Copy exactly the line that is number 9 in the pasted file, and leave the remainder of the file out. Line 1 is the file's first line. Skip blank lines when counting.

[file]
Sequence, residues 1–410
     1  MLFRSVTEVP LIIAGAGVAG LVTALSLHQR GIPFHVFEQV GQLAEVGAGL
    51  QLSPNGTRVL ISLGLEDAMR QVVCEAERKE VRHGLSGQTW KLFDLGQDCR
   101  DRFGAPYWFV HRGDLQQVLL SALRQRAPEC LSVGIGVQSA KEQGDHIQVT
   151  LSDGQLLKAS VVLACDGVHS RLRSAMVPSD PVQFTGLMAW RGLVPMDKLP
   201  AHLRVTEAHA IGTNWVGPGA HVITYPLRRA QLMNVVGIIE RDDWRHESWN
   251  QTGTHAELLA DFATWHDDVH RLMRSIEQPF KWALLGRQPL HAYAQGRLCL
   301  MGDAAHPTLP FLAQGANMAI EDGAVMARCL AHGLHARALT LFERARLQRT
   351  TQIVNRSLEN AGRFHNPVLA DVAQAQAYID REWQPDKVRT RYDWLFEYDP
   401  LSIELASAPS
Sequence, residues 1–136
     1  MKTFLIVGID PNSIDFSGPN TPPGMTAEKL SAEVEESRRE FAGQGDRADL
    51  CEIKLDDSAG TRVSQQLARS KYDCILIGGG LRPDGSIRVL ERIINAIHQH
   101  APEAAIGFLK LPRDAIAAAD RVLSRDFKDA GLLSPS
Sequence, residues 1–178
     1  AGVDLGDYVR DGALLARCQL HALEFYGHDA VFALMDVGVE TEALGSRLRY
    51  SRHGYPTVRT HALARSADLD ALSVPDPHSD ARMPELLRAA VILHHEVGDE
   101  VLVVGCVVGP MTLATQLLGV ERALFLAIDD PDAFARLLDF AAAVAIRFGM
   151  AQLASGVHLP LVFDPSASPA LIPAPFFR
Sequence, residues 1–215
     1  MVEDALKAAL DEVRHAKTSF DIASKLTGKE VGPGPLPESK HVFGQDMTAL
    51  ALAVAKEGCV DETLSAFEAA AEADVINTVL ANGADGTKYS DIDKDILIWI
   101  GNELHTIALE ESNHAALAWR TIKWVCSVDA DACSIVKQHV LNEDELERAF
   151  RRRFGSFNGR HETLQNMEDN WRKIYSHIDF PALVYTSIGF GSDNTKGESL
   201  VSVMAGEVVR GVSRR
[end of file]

   351  TQIVNRSLEN AGRFHNPVLA DVAQAQAYID REWQPDKVRT RYDWLFEYDP